REFORMING URBAN LAWS IN AFRICA
The African Centre for Cities (ACC), at the University of Cape Town, identified the need to develop a platform for urban planning law reform in the region in 2009. The reason for this initiative was to focus on the practical question of how to achieve effective and appropriate urban legislation.
With the support of the Rockefeller Foundation the ACC worked closely with the Association of African Planning Schools, to develop case materials on urban planning law reform as well as a model curriculum for teaching planning law in an African university. This was taken further, with the idea of developing a Practical Guide on Reforming Urban Laws in Africa.
The extraordinary projected rate and scale of urban growth in Africa between now and 2030 underscores the need to urgently develop urban laws and regulations that will create and shape cities that work more efficiently and treat people more fairly. New urban infrastructure has to be provided, new areas for urban growth developed, and new systems of governing and managing cities put in place. The rate at which African cities are growing and the scale of problems in urban governance and management demand immediate action to reverse entrenched, ineffective governance practices. The future of African cities must be one shaped by laws that address the lived experience of households and firms. These laws must have:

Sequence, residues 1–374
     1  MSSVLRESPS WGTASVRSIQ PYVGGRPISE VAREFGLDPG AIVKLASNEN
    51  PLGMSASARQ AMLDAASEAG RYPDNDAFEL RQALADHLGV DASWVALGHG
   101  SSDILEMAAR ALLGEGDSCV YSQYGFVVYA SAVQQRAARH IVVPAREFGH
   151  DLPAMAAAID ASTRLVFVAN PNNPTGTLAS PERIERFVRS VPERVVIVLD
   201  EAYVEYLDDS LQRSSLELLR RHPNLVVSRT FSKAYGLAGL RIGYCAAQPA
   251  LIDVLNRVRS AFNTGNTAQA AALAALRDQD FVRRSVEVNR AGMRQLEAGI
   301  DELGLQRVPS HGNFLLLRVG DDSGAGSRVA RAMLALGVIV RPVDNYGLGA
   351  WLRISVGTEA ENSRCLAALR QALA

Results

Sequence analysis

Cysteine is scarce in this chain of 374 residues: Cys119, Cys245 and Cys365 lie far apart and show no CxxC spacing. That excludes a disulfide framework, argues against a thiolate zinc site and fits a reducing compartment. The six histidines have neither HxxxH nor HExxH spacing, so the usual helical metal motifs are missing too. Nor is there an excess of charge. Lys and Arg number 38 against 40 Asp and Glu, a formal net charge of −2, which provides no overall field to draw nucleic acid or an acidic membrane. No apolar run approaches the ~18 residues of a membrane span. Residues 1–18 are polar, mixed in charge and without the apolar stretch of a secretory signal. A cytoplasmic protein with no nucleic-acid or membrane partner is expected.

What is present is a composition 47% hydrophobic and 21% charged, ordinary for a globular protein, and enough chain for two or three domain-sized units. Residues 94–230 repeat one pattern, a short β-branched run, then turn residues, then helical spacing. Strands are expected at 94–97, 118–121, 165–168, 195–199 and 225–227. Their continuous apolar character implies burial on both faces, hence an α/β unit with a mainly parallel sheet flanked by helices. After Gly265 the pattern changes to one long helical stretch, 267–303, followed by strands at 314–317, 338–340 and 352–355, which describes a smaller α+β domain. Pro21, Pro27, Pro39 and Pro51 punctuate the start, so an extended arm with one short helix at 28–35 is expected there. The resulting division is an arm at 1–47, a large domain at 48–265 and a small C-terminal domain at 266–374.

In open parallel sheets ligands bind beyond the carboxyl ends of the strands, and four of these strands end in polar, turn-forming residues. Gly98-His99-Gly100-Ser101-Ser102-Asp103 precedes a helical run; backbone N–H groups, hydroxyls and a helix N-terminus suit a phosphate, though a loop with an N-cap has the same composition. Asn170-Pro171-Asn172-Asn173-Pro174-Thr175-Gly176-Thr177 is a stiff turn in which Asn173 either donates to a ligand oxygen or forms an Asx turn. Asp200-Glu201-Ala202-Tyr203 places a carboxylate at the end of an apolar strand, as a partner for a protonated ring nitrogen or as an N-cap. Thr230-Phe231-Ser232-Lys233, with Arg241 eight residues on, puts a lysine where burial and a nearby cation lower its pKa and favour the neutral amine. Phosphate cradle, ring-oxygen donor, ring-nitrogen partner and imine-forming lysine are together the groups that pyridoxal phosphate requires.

- Greater accountability and the rule of law
- Stronger forms of supervision and responsibility at different levels
- Consideration of capacities for implementation
- More effective legal instruments
- Better regulations related to the creation and protection of public spaces
- Better mechanisms for municipal income generation
- Better regulations to protect the 'commons'
- Better urban governance mechanisms and Human Rights
- Better rules and regulation for environmental sustainability
- Increased stability and security